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MPRAMunich Personal RePEc Archive
What is the Meaning of Quality?
Suez Canal University, Management department, Egypt
Online at http://mpra.ub.uni-muenchen.de/57345/MPRA Paper No. 57345, posted 7. August 2014 09:35 UTC
What is the Meaning of Quality?
Dr Ibrahim A Elshaer
Suez Canal University
Ismailia, P.O box 41522
concepts are the basic units of theory development and the building blocks of social research,
this is because without well-developed conceptual definitions for the research terms, it is
impossible to develop a coherent theory, moreover, it is impossible to develop a valid measure of
a concept that is not precisely defined, It should be noted, however, the importance of defining
concepts differs depending on the adopted research approach. In the quantitative approach, the
concepts are clarified and connected to empirical indicators which will be used to operationalize
these concepts before the research begins, while in qualitative research concepts remain under
construction during the research not only in the operational terms, but also in theoretical terms.
Given the importance of defining the study concepts, this paper evaluated the available
definitions of the concept quality in order to find or propose a valid and reliable definition of
Keywords: Quality, concepts, quality management
Concepts are the basic units of theory development and the building blocks of social research
(Zikmund, 2003). This is because without well-developed conceptual definitions for the research
terms, it is impossible to develop a coherent theory (Summers, 2001). For example, we cannot
develop a meaningful theoretical rationale for why concept A should be related to concept B if
the exact meaning of each of these two concepts has not been established; moreover, it is
impossible to develop a valid measure of a concept that is not precisely defined (Summers,
2001). Cooper and Schindler (1998:38) have gone so far as to state that ... confusion about the
meaning of the research concepts can destroy a research studys value without the researcher
even knowing it. If words have different meanings to the parties involved, then they are not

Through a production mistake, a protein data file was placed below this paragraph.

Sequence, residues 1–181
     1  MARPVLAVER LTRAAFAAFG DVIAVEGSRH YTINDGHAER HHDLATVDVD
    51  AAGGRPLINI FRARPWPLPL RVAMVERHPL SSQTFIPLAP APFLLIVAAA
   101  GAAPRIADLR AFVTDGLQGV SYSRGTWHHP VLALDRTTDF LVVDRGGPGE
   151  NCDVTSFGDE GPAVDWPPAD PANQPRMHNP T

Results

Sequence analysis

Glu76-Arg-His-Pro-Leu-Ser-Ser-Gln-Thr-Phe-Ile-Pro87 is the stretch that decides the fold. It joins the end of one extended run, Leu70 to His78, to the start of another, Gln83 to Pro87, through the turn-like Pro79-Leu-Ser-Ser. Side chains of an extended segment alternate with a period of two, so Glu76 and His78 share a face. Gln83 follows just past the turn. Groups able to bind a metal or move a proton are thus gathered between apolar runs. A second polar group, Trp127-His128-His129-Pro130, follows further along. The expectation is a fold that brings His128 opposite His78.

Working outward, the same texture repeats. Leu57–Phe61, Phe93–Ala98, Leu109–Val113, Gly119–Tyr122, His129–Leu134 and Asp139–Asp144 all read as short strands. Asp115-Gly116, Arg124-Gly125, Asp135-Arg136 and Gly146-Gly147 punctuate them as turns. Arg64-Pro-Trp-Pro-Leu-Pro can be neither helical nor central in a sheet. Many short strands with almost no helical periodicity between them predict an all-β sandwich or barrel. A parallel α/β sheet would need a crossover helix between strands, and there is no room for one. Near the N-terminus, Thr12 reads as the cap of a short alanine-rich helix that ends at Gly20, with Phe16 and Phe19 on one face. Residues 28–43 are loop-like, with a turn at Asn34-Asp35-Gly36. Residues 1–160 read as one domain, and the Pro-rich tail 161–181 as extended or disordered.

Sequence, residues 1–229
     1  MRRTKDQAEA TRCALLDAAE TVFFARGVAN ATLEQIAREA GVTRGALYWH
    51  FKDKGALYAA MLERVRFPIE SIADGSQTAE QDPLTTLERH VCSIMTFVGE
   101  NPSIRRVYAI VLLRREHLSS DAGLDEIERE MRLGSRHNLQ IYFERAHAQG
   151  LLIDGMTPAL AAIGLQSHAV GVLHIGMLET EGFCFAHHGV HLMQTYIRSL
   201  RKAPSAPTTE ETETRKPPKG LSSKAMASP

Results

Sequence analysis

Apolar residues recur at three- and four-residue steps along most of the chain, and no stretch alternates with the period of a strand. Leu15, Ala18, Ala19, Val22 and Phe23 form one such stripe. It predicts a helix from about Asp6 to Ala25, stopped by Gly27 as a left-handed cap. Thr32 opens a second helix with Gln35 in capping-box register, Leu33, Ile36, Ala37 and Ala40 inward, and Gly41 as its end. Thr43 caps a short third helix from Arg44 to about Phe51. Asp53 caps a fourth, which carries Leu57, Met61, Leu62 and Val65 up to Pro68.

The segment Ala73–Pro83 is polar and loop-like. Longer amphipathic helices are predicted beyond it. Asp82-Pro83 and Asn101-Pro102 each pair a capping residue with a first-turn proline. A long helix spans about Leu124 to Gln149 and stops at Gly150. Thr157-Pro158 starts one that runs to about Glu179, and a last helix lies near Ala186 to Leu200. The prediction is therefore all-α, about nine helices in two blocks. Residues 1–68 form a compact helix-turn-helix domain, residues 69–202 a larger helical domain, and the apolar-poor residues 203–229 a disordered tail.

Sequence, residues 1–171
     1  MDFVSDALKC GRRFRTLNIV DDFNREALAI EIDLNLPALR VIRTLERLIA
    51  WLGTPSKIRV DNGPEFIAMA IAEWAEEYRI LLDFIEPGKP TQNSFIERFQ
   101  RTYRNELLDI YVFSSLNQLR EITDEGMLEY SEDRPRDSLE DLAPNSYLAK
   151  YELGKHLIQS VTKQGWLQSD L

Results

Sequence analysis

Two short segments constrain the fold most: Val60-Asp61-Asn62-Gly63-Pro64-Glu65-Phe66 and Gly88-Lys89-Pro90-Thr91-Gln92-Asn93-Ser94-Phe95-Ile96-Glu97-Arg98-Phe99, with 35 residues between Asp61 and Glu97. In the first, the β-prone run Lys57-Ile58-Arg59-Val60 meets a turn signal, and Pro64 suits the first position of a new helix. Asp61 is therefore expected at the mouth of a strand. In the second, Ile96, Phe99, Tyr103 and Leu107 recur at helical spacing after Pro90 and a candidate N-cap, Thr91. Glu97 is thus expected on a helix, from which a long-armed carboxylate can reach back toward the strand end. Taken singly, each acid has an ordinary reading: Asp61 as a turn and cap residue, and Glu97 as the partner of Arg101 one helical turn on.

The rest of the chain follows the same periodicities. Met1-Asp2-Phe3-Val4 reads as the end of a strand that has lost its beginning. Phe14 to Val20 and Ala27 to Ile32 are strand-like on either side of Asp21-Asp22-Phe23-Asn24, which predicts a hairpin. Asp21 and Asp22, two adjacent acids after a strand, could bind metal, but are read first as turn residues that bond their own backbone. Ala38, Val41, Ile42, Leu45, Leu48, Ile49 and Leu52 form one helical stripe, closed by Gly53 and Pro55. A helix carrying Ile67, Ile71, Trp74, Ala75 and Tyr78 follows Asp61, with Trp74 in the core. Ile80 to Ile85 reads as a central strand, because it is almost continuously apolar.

communicating on the same wavelength. Definitions are one way to reduce this danger.
It should be noted, however, the importance of defining concepts differs depending on the
adopted research approach (Zikmund, 2003). In the quantitative approach, the concepts are
clarified and connected to empirical indicators which will be used to operationalize these
concepts before the research begins, while in qualitative research concepts remain under
construction during the research not only in the operational terms, but also in theoretical terms
(Corbetta, 2003). As a result current study uses the quantitative approach (see methodology,
Chapter 3), the study concepts/constructs have been defined and operationalized before the
beginning of the empirical research.
As the current study investigates the relationship between quality management and competitive
advantage; the concept of quality and the constructs of quality management, and
competitive advantage had to be defined and then operationalized before the beginning of the
empirical research. In the next section these constructs/concept are defined and later the way
they were operationalized is explained in the methodology (Chapter Three).
An extensive review of the literature was conducted to find out what makes a good definition.
One criterion was adopted form Routio (2009) who identified four criteria a definition should
meet: (1) Validity, which means that the definition matches the concept; it refers to just the
concept and it measures what it intends to measure, nothing else. (2) Reliability means that if
anyone repeats the measurement used, the result will always be the same. (3) The definition must
not be a vicious circle, for example, defining quality management as the management of quality.
(4) Figurative or obscure language is not used. These four criteria are used to evaluate the
existing definition of quality; quality management (QM) and competitive advantage (CA) as
Although the term quality is quite widely used by practitioners and academics, there is no
generally agreed definition of it, since different definitions of quality are appropriate under
different circumstances (Garvin, 1984; Reeves and Bednar, 1994; Seawright and Young, 1996;